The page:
I wanted to share a few things I’ve learned lately about photographing your art to sell, say on FineArtAmerica.com. Since I’ve got a new shop there and I’ve been adding some art pieces lately it is fresh in my mind and I’ve made some boo boo’s along the way that might help or offer things you might not have thought of. Now, I’m not a professional photographer so of course with any free advice, you know what they say… you get what you pay for… haha or how about opinions? they are like poop shoots, everybody’s got one. Here’s mine:
A few words about making your art.
Odd sizes: I found through trial and error that odd size paintings will not be printed as large on FAA. That means that your lovely customer will only be able to purchase up to a certain size of your fabulous artwork. That also means you’re out extra moolah cause it won’t print any bigger than said size.
Signing your work: Again, through trial and error I found that signing your artwork close to the edge of your piece is a mistake. See the photo above, my initials are right on the edge. Now when I was creating this piece 4 inches away from it, that seemed fine. Fine until I had to look at the photograph of it and straighten it and practically crop it off. No good. Sign your artwork at least an inch away if not more from all sides, I say.
Metallic ink and paint: They don’t photograph for shit. Enough said.
Taking your mugshot with your art: Wear makeup (see above) What was I thinking??
Don’t frame it: Do not frame your beloved piece of artwork before you photograph it. The glare will be bad and make it a nightmare to try to find a spot in your yard or house that won’t show your stupid ass in the glass.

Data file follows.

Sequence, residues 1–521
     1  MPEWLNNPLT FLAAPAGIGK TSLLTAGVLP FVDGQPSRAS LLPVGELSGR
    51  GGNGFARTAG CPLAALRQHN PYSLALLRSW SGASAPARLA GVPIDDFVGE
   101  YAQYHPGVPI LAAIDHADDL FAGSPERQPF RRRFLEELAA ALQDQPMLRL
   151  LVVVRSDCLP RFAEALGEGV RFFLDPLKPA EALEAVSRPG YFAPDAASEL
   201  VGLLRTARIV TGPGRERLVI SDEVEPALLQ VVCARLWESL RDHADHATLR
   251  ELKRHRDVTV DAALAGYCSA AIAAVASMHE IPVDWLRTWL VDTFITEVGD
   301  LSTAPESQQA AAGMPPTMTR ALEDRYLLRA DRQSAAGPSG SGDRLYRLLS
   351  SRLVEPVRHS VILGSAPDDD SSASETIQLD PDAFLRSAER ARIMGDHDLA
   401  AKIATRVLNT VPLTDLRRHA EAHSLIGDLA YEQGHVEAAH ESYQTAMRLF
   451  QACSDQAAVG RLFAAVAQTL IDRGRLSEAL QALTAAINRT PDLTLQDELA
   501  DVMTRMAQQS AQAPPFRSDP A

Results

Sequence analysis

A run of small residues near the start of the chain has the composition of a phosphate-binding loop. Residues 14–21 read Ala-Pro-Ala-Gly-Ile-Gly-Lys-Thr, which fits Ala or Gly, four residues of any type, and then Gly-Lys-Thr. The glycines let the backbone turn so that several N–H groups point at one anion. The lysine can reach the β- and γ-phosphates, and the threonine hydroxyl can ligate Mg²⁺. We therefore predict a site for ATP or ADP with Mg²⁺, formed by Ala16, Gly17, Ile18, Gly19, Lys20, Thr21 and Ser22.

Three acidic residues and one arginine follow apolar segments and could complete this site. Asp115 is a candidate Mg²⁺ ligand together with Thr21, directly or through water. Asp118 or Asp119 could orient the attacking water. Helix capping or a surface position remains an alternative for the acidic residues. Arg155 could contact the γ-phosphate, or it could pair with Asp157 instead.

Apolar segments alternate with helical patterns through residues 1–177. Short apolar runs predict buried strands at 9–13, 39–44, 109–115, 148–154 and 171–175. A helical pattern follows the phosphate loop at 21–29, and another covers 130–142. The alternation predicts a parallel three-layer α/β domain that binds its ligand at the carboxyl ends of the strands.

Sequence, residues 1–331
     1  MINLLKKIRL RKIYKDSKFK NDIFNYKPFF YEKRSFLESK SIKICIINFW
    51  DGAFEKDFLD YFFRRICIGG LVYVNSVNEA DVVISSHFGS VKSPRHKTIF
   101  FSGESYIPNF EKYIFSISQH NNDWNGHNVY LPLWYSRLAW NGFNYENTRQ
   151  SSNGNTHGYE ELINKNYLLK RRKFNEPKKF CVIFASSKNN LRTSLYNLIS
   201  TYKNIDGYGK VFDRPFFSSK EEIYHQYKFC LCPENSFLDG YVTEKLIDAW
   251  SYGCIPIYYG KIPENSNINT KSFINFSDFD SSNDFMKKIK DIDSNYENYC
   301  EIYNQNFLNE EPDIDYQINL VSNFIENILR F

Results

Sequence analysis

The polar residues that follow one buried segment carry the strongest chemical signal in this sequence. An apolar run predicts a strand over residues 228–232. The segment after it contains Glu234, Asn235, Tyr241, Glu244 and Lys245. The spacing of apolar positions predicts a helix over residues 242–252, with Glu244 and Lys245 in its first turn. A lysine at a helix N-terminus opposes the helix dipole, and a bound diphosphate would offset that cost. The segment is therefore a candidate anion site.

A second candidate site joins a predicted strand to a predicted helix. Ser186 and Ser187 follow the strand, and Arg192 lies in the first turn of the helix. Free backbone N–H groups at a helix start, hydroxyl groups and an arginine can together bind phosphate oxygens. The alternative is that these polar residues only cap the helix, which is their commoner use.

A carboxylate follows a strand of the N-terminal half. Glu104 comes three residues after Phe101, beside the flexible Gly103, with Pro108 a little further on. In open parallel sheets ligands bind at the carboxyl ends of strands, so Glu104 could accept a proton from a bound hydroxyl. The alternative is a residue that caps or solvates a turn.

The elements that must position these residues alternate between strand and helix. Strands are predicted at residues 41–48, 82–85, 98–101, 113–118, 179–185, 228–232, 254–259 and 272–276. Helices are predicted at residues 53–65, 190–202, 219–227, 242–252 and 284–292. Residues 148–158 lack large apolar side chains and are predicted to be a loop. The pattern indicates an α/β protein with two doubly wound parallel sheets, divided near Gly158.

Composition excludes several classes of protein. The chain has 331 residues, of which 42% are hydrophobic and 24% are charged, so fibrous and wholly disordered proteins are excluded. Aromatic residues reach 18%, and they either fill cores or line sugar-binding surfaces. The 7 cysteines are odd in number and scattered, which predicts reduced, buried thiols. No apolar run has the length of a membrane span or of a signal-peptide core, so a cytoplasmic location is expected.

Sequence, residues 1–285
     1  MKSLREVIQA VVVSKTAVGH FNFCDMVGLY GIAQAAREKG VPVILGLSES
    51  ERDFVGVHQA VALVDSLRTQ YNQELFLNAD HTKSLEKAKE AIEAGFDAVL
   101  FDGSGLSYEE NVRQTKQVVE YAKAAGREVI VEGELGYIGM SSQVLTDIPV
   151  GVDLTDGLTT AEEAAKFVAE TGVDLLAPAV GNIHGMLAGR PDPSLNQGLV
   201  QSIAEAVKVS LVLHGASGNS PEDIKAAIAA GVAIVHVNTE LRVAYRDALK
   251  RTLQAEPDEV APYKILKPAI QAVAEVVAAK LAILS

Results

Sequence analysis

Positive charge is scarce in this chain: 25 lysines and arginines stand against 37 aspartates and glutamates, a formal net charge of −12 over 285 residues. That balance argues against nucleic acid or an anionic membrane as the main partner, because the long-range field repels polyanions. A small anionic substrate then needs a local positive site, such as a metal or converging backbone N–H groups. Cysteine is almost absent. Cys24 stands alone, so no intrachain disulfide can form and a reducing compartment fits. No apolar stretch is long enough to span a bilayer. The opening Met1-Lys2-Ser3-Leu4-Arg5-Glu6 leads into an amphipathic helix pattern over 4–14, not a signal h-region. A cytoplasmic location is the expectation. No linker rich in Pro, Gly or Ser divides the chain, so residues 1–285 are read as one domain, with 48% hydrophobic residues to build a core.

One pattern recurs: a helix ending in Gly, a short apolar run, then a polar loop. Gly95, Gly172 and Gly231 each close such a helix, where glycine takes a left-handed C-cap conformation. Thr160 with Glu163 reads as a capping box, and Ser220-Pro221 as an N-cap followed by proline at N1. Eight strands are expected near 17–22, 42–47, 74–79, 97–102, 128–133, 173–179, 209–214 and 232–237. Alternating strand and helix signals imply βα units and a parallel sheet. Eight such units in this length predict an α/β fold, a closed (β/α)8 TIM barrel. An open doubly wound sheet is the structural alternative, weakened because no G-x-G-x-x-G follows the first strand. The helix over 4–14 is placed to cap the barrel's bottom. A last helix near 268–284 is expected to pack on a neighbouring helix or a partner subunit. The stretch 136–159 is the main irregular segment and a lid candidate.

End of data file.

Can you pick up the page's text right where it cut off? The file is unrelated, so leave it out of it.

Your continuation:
If I figure out more stuff, I’ll edit this post, til then that’s it… go wild!
Ok, so now to the tutorial part of this post. Remember this scanner = no good. You need to photograph it.
So I’ve got my piece of art right here that I finished yesterday and I’m ready to sell that sucker! Screw Etsy and Artfire, I’ve found FAA (here’s my shop). I’ve made a sale too already which has pulled me out of my funk and spurred a little fire down below if you know what I mean. Of course I don’t know who bought the piece, it could’ve been one of you trying to keep me from falling into an abyss of self pity. If it was, thanks!! 😉
Here’s what I use:
my spiffy digital camera (set on the highest quality setting possible and in manual mode set for shade)
super cheap easel from Michaels for like $10 with 40% off coupon
chalkboard for backing, stolen from my son
stick or pencils to elevate artwork
sticky tack (miracle shit)
bright natural light from behind
luck and lots of shots
|here’s that sticky tack aka miracle shit|
First I set up my easel and use the square stick to elevate my artwork so the camera can get even the very bottom. I’ve used pencils, and blocks, anything to get my work out of that groove that is on the easel.
Then you need to have a backing that is sturdy, I’m using my son’s chalkboard but you could use whatever you have handy like foam core or cardboard or a big book (not thick). It doesn’t matter what color it is or how it looks cause you will crop it out completely at the end.
Next, you don’t want your artwork at an angle, that will make it out of square and then you’ll have to crop off quite a bit to make it square (or rectangle) and when I say out of square I mean the bottom will be wider than the top giving it a carnival glass look to it, it would be distorted got it? See image below.